Many project managers have doubtless exclaimed “giving birth would be simpler than managing this project”! This may be truer than they ever imagined…
Initiation can provide the same euphoria as finding out you are going to be a new parent – getting assigned to a new project is an exciting but also unnerving time. There are hundreds of questions, but also plenty of stakeholder input! There are myriads of sources of information, but it can be challenging to separate the useful lessons learned from “old wives tales”!
Planning can prove to be as unpleasant as the first trimester – with frustrating stakeholders, challenging constraints, uncertain scope and storming teams, project managers might be excused for acting as though they suffer from prolonged morning sickness! With appropriate attention & resourcing combined with a healthy dose of risk management, the project manager should strive to lay a solid foundation for the rest of their project/pregnancy.
Project execution can feel a lot like the second and most of the third trimesters. This is where the (literally) heavy lifting takes place, the peak resourcing/food intake, and careful monitoring & tracking of vitals, but if planning was done well, it should be a fairly smooth ride. Resource shortfalls need to be addressed in a timely fashion to avoid impacting the project’s outcomes and cutting corners on quality will come back to haunt you long after the project/baby has been delivered! While change is to be expected, it should not be rushed into without appropriate governance. The need to prepare the environment for the impending arrival is also crucial. Procrastination on implementing effective organization change management will be extremely costly as anyone that has had to decorate a baby nursery at the last minute will attest!
Finally, project closeout can range from the very smooth to the highly painful. Challenging project “deliveries” can be the result of poor planning and execution, but they might also be through no fault of the project team’s, but rather a result of external or environmental factors. Closeout can also be a time of intense conflict between the project team and key stakeholders (e.g. mother-in-laws, new fathers)!
Throughout the project/pregnancy, the need for effective, timely communication is critical.
Having a baby is the first step in a long rewarding journey for new parents just as successfully managing a project should be the start of achieving expected business outcomes.
(Note: this bouncing baby blog post was originally brought into this world in September 2012 on my personal blog, kbondale.wordpress.com)
A team is unlikely to meet its delivery commitments if its members are constantly relying on the project manager, their people managers or stakeholders to progress. If the project manager calls all the shots, it’s rare that team members will begin to rely on one another and unhealthy tension is likely to emerge as each team member vies for more attention from the dominant stakeholder. While it is more common to see it referenced in the context of agile projects, the idea of a self-managing team can apply equally well to traditionally run projects.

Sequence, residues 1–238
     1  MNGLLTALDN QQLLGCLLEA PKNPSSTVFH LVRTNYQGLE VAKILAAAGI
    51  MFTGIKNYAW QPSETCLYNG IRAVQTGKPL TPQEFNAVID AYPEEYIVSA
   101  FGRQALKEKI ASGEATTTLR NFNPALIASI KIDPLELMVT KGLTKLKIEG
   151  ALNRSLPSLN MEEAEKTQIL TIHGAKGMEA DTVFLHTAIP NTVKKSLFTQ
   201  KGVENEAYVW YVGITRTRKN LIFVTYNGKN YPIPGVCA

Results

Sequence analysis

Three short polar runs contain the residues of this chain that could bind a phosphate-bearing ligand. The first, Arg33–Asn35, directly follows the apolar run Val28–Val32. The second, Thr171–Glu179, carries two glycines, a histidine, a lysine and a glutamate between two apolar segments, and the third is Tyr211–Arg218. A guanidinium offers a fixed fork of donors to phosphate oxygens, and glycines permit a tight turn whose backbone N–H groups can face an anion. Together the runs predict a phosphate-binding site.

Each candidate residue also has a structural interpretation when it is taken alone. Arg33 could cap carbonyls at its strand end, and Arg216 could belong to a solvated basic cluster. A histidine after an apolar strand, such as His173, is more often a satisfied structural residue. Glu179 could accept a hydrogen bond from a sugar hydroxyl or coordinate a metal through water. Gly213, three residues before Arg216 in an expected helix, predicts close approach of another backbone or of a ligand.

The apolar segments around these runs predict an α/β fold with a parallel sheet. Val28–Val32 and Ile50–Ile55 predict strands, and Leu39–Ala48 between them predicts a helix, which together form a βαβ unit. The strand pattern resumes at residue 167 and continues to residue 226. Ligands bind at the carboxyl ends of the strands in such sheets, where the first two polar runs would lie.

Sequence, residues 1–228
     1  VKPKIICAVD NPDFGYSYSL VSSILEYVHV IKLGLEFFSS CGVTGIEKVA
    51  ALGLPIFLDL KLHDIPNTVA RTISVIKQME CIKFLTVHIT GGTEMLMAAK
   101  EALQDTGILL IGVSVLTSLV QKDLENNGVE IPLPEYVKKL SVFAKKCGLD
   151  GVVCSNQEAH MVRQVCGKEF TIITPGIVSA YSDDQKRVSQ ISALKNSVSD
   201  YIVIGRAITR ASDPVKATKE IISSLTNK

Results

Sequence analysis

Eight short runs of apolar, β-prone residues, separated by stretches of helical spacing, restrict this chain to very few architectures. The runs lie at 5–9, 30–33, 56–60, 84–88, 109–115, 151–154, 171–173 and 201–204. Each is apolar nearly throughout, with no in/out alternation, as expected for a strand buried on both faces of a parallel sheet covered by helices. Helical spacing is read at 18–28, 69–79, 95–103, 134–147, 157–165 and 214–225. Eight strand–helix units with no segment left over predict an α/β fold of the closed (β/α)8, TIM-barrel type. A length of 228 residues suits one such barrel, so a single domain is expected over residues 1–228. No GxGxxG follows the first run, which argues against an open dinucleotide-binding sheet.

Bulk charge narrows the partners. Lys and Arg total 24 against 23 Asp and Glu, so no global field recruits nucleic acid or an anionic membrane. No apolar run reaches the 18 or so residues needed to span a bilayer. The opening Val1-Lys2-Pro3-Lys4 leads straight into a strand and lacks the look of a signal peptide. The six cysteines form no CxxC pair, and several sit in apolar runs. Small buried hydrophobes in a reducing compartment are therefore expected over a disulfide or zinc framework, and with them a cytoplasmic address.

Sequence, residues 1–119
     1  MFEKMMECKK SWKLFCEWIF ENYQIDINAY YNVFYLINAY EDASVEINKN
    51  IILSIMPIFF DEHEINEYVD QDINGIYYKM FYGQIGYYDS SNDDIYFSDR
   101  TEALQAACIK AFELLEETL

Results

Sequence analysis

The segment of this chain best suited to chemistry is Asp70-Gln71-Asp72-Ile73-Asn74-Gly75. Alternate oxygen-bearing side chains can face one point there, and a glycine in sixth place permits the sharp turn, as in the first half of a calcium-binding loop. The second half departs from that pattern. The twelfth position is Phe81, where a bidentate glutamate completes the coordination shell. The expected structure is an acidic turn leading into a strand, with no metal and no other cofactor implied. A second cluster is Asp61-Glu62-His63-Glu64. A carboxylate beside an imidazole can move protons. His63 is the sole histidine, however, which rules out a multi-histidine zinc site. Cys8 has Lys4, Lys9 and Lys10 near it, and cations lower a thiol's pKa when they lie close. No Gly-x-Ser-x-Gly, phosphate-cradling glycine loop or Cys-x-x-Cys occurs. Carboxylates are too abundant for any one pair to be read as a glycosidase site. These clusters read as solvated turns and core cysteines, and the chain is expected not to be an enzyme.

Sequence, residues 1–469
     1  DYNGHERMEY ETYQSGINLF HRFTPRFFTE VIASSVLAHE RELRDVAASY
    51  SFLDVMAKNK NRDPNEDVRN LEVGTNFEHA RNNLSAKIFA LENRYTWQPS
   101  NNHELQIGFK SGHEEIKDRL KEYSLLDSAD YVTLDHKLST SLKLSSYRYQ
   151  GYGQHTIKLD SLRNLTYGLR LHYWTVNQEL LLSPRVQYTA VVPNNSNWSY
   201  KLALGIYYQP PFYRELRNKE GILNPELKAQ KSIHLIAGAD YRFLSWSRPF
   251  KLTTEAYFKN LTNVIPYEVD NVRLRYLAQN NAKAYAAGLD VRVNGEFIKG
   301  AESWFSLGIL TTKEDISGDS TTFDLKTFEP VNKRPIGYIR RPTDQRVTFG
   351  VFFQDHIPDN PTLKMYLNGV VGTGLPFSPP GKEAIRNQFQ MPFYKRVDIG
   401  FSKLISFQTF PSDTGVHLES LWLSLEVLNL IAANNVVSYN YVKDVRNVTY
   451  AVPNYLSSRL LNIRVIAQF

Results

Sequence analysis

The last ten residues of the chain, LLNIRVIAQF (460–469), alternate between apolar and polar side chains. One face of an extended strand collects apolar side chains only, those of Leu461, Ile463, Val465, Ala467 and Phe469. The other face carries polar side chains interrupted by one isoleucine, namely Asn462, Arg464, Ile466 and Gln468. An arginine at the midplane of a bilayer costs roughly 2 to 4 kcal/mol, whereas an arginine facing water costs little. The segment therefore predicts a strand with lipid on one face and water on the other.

A lot has been written about the ways in which a leader can facilitate team development, but what are some of the key signs of self-managing, high performance teams?
Accountability from within: On self-managing teams, rarely does someone from the outside have to remind a team member of their commitments. Each team member has a high level of self-discipline but is also keen on ensuring the team’s credibility remains untarnished and they will go out of their way to help or coach fellow team members who are at risk of missing the mark. They will also not hesitate to ostracize or eject a team member who repeatedly demonstrates an inability to help the team progress.
Embedded continuous improvement: The team owns its work practices and continually assesses the effectiveness and efficiency of these practices. When defects occur, the team doesn’t start the “Blame Game” but seeks to identify and implement methods of prevention.
Unconscious yet effective delegation: When a new work item emerges, who will need to work on it rarely needs to be negotiated. Each team member knows and respects the unique abilities of his or her peers and the assignment of activities begins to resemble the ball passing abilities of a high performing, highly cohesive sports team.
Organic onboarding: When a new team member joins, the team as a whole takes the effort to learn about the new team member’s competencies and experience. In turn, they will also ensure that the newcomer learns the same about the rest of the team and is taught the written and unwritten rules of behavior which the team follows. With such teams, it is also rare that a decision is made to bring on a new team member without the team’s involvement in the recruiting process.
A culture of recognition: Self-managing teams rarely crave or actively seek individual recognition from without. They share equally in the success of the team as a whole, but recognize each other on a daily basis in small ways with simple rituals such as picking up a coffee for a team member who is too busy to go and get one. They also begin to develop a higher level of emotional intelligence with each other which helps them understand when a team member is down and in need of some encouragement.
Sounds like nirvana, doesn’t it?
Two reasons we so rarely see teams demonstrate all of these signs is the authoritative approach used by many project managers, sponsor or people managers and the inability or reluctance for many organizations to form teams which persist from project-to-project.
As with most organizational performance challenges, we have seen the enemy, and he is us.
(This article was originally published by me in December 2014 on my personal blog, kbondale.wordpress.com)
In one of my previous articles I'd written about the need for change across multiple areas of an organization when undertaking an agile transformation. A key enterprise partner is the Finance department and the organization's model for project funding will have significant influence over successful agile delivery.
Traditional project funding models are anchored to periodic (annual, semi-annual or quarterly) portfolio re-planning exercises which ingest updated forecasts for active investments and funding requests for new ones. The funding approach for an investment might be one time lump sum, split into two pieces (e.g. seed and remaining), or progressive through the use of funding tranches.